On May 1, 1980 Captain Pomponio was designated a Rear Admiral for duty in a billet commensurate with the grade, and in July 1980 became Director, Material Division in the Office of the CNO and was promoted to Rear Admiral on October 1, 1980. In April 1984, Rear Adm. Pomponio assumed duty as Deputy Director, Defense Logistics Agency. Rear Adm. Pomponio retired on July 1, 1985.

Rear Admiral Pomponio's awards include the Legion of Merit (at least one), Meritorious Service Medal, Navy Commendation Medal (2), Meritorious Unit Commendation, National Defense Service Medal (2), and Philippine Presidential Unit Citation.

Rear Admiral Pomponio's family left Fascist Italy before it was too late and found a home and freedom in the United States. Bruno chose to give back to his new country by joining the U.S. Navy at a time when the Korean War was becoming increasingly unpopular with the American public. By luck of the draw, instead of going to Korea, he was sent to Bayonne and Bremerton. He was released from active duty during the post-Korean War drawdown, but found a way back in even if it meant taking an icebreaker to Greenland. He must have been a detailer's dream, willing to take any job anywhere -- Midway, Guam, Subic Bay. He had very varied assignments, providing superb Supply support to surface, submarine and aviation units, with a special emphasis on weapons systems. He served at the Supply Depot at Subic Bay during a particularly intense period of the Vietnam War supporting a major and rapid increase in U.S. Navy forces that played a critical part in beating back a massive North Vietnamese conventional attack into South Vietnam in 1972. He served with distinction in key leadership positions during the austere budgets of the post-Vietnam draw-down, when everything was in short supply, which no doubt made those tough jobs even more demanding. But, he was a leader in bringing the Supply Corps and the Navy out of those challenging days and into the President Reagan-era build-up, which was a significant factor in bringing about the end of the Cold War. Bruno exemplified the dedication, service and sacrifice that makes the U.S. Navy Supply Corps the best in the world at what it does. The Navy and the nation are certainly better off because his family brought him here, and because he chose to serve.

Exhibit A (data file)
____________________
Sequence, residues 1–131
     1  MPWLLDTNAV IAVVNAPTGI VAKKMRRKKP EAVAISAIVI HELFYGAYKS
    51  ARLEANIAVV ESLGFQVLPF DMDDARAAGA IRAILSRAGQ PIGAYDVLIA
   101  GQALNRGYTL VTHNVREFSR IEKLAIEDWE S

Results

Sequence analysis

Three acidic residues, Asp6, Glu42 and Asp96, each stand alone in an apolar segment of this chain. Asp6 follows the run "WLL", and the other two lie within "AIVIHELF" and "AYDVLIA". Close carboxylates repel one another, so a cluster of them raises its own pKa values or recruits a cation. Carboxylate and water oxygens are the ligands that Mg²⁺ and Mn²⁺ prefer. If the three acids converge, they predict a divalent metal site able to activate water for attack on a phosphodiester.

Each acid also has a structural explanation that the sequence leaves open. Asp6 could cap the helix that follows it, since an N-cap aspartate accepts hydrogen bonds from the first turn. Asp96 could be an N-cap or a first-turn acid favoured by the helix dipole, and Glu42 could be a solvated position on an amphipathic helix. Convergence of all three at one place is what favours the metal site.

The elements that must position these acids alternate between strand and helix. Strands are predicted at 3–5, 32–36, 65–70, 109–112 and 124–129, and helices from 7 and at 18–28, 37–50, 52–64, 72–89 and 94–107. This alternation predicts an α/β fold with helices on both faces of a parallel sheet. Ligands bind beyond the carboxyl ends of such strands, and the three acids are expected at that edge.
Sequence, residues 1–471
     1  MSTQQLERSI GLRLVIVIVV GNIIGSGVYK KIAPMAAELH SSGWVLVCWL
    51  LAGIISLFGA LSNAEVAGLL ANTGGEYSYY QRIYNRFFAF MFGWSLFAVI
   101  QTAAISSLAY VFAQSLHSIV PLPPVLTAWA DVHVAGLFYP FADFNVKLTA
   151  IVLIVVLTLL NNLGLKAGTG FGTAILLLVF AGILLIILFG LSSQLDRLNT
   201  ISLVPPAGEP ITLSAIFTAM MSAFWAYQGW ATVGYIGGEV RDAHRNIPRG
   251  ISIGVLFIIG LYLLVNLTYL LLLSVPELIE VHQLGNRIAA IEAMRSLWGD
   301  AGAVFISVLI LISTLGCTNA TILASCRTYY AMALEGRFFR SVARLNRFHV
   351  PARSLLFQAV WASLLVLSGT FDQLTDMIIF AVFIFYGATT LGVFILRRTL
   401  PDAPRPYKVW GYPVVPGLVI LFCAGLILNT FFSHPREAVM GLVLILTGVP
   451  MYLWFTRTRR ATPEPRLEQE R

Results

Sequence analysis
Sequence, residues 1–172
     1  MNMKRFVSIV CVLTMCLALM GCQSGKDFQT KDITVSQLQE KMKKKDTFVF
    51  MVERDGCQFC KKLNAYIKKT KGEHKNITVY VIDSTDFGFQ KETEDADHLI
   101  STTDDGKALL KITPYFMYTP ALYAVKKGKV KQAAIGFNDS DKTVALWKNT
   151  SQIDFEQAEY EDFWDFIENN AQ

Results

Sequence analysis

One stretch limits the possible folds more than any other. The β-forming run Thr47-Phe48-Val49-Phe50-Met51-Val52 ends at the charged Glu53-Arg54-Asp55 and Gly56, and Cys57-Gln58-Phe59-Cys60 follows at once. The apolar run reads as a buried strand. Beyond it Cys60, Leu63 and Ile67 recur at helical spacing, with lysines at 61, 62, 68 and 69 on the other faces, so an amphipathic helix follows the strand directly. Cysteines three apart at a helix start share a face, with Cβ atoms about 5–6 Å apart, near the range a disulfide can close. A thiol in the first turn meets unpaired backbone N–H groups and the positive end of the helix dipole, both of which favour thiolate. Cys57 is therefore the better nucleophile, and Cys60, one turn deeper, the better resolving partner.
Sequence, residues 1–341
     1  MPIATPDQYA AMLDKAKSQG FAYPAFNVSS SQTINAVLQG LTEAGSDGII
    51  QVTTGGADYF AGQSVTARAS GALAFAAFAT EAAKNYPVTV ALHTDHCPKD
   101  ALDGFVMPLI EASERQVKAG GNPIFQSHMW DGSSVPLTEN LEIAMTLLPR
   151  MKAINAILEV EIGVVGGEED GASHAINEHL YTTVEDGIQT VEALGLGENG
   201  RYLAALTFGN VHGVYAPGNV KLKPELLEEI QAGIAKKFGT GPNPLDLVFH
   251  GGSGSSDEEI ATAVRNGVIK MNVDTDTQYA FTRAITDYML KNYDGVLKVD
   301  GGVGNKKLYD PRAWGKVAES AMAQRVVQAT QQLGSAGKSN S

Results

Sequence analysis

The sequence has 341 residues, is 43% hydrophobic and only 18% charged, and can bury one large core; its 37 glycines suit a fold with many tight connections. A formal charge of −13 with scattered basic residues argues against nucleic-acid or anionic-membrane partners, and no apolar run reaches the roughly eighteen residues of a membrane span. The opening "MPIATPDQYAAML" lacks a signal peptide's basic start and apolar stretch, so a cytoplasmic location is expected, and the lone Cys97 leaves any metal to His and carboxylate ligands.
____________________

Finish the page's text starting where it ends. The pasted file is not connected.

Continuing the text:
(Although I keep these passing notes limited to a flag officer's professional record and avoid intruding on families for information, Rear Adm. Pomponio's daughter Joanne kindly provided the following paragraph).

     "Rear Admiral Pomponio retired July 1, 1985 and worked briefly in private industry. Over the next few years, he and his wife Eleanor traveled including numerous trips to Italy to visit family, a trip to Ireland for Eleanor's family, and trips within the United States to visit family and the close friends gathered throughout his Naval career. And always, food was an important part of those travels. Following the birth of his grandson and second granddaughter in the 1990s, Rear Adm. Pomponio and Eleanor lovingly became their daily caregivers - a gift to their grandchildren and always a gift to them. Three years ago, Rear Adm. Pomponio traveled to New York to receive, on behalf of his family including his brother Dino, the induction of his brother, Private Mario Pomponio, into the Fairport High School Hall of Fame 72 years after Mario's death in World War II. Mario was awarded the Distinguished Service Cross and Purple Heart posthumously.  The trip was also an opportunity to return to, for what turned out to be the final time, his family's second U.S. home and the memories and family so important to him. Rear Adm. Pomponio passed away peacefully at home in Virginia following a brief illness. For his family and for what they imagine was the experience of many who worked for him, his gentle, selfless, humble nature and his great sense of humor will be long remembered and forever missed."

Rest in Peace Admiral Pomponio.